The antibody cocktail, developed by US company Regeneron Pharmaceuticals, was administered to the president “as a precautionary measure”, his doctor Sean Conley said on Friday.
Trump, who along with his wife Melania tested positive for the coronavirus on Thursday, was moved to Walter Reed National Military Medical Centre in Bethesda, Maryland after experiencing mild symptoms on Friday, the White House said.
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“I think I’m doing very well, but we’re going to make sure that things work out,” he said in a video message posted to Twitter.
At age 74, Trump falls into a higher risk category for severe disease. According to the US Centres for Disease Control and Prevention, eight out of 10 Covid-19-related deaths reported in the United States have been among adults aged 65 and over.
Regeneron released the first data on the experimental treatment on Tuesday, sharing safety and efficacy results from 275 Covid-19 patients included in their ongoing clinical trials.
The data, yet to be published in a medical journal, showed that the antibody cocktail, known as REGN-COV2, reduced the time to alleviate symptoms in a group of non-hospitalised patients with Covid-19 and indicated an “emerging well-tolerated safety profile”, the company said.
“The greatest treatment benefit was in patients who had not mounted their own effective immune response,” said George Yancopoulos, Regeneron’s president and chief scientific officer.
When given to patients in this category, the treatment rapidly reduced viral load, as measured over seven days, and reduced the median time for their symptoms to become mild or go away, the company said.
The treatment is part of a class known as monoclonal antibodies that have generated significant buzz in the scientific community for their potential to treat Covid-19.
US company Eli Lilly & Co has also announced encouraging early data from a trial of its coronavirus antibody treatment last month.
The product administered to Trump is a combination of two synthetic versions of neutralising antibodies, thought to be a key element of the body’s natural immune response to Covid-19. They work by binding to the part of the coronavirus’s spike protein that enables it to attach to human cells.
“It’s a short cut to immunity basically,” said immunologist Kylie Quinn, a vice-chancellor’s research fellow at RMIT in Melbourne.
“Instead of having to wait for our body to make those neutralising antibodies, we can produce them … and then infuse them directly into your circulation … it’s an immediate form of protection,” she said.
Given the available data and high cost of these kinds of treatments, they could be well suited to patients who were not mounting their own effective response to the virus, she said.
More than 2,000 people have been enrolled in trials of Regeneron’s treatment, which has received federal funding, with no unexpected safety findings yet reported, the company said.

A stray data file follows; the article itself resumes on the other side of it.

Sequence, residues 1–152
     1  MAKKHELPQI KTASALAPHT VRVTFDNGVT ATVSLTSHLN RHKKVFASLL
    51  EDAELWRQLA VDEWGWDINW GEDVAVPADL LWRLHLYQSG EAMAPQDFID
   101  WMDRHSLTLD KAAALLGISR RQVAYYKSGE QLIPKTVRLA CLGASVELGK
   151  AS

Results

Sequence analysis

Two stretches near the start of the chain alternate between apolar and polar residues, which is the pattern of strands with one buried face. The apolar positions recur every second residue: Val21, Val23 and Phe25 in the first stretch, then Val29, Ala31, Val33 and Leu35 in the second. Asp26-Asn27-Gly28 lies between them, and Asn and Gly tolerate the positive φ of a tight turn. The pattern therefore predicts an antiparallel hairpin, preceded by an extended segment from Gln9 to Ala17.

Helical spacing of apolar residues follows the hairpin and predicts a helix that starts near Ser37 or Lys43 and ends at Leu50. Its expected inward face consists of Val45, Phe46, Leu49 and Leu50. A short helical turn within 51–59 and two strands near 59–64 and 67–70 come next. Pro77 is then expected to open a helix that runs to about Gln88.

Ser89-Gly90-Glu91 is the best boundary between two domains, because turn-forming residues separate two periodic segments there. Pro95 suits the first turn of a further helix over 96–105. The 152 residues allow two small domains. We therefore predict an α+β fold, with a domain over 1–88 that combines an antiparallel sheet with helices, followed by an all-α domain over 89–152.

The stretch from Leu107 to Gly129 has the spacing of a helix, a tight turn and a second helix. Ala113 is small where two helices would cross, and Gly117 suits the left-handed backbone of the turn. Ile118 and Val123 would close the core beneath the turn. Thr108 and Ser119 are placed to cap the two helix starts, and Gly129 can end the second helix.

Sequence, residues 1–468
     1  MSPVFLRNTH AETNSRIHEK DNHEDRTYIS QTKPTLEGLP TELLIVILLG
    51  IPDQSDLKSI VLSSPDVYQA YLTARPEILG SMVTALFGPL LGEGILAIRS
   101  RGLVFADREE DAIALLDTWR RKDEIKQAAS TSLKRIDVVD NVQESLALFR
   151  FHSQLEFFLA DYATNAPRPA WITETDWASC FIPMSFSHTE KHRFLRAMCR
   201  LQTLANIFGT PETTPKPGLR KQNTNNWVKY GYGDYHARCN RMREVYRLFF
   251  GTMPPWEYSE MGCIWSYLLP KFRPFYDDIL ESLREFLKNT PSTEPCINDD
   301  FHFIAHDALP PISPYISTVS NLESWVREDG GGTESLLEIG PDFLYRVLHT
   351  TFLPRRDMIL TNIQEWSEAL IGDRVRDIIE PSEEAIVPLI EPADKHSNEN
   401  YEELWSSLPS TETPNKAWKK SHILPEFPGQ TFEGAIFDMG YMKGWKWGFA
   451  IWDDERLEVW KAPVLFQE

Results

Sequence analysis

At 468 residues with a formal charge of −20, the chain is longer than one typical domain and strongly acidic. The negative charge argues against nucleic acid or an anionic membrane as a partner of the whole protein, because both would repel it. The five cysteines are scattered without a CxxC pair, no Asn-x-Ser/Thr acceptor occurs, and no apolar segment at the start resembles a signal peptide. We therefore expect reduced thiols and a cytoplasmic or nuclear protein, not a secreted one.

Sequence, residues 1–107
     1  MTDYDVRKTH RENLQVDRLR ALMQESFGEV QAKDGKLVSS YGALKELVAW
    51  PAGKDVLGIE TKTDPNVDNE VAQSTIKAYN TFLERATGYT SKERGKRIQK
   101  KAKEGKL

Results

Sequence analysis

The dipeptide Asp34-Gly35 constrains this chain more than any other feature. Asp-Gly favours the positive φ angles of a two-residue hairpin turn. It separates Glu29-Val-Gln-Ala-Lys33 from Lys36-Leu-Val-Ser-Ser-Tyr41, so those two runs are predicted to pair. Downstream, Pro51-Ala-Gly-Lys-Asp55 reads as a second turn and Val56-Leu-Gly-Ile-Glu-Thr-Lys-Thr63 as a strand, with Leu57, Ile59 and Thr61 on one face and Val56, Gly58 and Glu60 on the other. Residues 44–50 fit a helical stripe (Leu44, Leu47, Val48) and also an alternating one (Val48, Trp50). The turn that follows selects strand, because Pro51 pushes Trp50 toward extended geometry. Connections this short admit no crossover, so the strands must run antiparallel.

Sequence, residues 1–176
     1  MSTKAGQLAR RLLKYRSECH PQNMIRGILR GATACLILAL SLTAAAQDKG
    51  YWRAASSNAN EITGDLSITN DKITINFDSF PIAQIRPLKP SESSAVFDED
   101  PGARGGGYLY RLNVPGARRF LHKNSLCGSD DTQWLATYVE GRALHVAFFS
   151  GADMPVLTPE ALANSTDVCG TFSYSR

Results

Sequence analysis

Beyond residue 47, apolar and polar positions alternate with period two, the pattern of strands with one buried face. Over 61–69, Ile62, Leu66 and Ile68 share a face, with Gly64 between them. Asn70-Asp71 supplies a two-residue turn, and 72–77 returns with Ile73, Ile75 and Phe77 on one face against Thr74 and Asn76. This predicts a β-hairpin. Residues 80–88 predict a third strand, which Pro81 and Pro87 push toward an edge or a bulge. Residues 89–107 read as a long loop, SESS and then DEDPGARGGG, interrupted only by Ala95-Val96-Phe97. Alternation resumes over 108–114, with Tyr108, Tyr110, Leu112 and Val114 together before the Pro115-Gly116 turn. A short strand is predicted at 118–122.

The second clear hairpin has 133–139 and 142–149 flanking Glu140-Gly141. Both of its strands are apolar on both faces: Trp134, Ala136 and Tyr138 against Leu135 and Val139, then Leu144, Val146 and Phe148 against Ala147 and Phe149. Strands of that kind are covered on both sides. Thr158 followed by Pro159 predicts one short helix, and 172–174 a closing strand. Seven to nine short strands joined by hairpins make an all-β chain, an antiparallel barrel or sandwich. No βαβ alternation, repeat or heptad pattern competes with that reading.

The treatment is in the final, phase three, stage of testing on patients in hospital.
Quinn said that while the treatment was still in trials, it was “not too out of the box” that it was administered to the president, given his higher risk of complications as an over-70 adult.
She said that while there was always the “potential for things to not work out the way we think they will” many in the scientific community anticipated this kind of treatment should be relatively safe.
The news of Trump being infected with the coronavirus prompted Chinese social media to offer their opinions on another experimental treatment he might consider using – traditional Chinese medicine.
“For Trump’s treatment, we can consult the Diagnosis and Treatment Protocol for Novel Coronavirus Pneumonia (Trial Version 7), especially the role of traditional Chinese medicine,” a blogger wrote, referring to a manual released by China’s National Health Commission and the State Administration of Traditional Chinese Medicine in March.
The treatments have been backed by some of China’s top physicians, including Zhong Nanshan, who earlier this year announced that a herbal capsule created by Lianhua Qingwen had shown promise in small-scale clinical trials.
But the monoclonal antibodies treatment is not the first experimental remedy for Covid-19 the president has tried this year.
In May he said he was taking a malaria drug known as hydroxychloroquine, which was later shown in clinical trials to have no benefit in reducing coronavirus infection.
Additional reporting from Reuters
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This article Donald Trump receiving experimental treatment for Covid-19, White House doctor says first appeared on South China Morning Post